Building power by concentrating light

September 10, 2015

India has adopted the world-leading renewable energy technology being developed in Australia.

South Australian company HeliostatSA has partnered with Indian company Global Wind Power Limited to develop a portfolio of projects in India and Australia over the next four years. It will begin with an initial 150 megawatts in Concentrated Solar Powered (CSP) electricity in Rajashtan, Indian using a solar array.

The projects are valued at $2.5 billion and will further cement HeliostatSA as a leader in the global renewable energy sector.

Heliostat CEO Jason May says India had made a commitment to reaching an investment target of USD $100 billion of renewable energy by 2019 and has already secured $20 billion.

“India is looking for credible, renewable energy partners for utility scale projects,’’ says May.

“We bring everything to the table that they require such as size, project development experience, capital funding, field design capability, the latest technology, precision manufacturing and expertise.’’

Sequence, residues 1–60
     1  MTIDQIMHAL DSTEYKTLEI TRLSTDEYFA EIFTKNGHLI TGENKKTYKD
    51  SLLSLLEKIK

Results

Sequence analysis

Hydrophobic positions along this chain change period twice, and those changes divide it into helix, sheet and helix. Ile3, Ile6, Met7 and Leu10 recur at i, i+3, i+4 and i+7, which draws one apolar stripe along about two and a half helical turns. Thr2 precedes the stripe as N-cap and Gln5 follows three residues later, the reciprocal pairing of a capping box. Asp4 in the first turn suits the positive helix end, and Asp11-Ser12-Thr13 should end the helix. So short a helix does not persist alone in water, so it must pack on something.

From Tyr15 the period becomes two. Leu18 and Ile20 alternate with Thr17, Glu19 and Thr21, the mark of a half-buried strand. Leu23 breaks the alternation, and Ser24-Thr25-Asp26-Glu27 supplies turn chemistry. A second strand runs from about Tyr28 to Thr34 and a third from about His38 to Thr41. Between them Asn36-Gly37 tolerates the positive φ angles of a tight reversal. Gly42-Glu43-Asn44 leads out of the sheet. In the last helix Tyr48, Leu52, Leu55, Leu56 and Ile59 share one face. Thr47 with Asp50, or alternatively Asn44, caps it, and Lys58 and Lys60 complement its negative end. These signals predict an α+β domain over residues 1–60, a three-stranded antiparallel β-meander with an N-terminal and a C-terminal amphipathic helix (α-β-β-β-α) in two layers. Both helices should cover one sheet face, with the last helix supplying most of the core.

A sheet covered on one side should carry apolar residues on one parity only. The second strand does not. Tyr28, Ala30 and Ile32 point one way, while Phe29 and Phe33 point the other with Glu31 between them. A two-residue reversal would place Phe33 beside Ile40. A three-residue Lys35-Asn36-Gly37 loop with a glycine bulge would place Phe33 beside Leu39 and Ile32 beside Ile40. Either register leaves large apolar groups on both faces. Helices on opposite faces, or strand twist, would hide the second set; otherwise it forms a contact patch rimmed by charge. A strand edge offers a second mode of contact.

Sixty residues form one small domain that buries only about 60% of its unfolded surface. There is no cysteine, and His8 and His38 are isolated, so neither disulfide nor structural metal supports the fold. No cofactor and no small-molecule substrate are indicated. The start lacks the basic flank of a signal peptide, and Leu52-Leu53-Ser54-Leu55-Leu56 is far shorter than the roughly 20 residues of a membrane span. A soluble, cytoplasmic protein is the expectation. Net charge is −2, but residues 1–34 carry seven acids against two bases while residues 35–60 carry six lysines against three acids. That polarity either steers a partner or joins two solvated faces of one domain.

Each solar array is made of thousands of heliostats, which are mirrors that track and reflect the suns thermal energy on to a central receiver. The energy is then converted into electricity. Each HeliostatSA mirror is 3.21 x 2.22 metres with optical efficiency believed to be the most accurate in the world. This reduces the number of mirrors required, reducing the overall cost of CSP while still delivering the same 24-hour electricity outputs.

The heliostats and their high tech components are fabricated using laser mapping and steel cutting technology.

The mirrors are slightly parabolic and components need to be cut and measured to exact requirements to achieve the strict operational performance.

“There is strong global interest in CSP with thermal storage for 24-hour power. At the moment large-scale batteries which also store electricity are very expensive. Constant advances in CSP storage technology over the next 10 years will only add to the competitive advantage,’’ says May.

– John Merriman

This article was first published by The Lead South Australia on 25 August 2015. Read the original article here.

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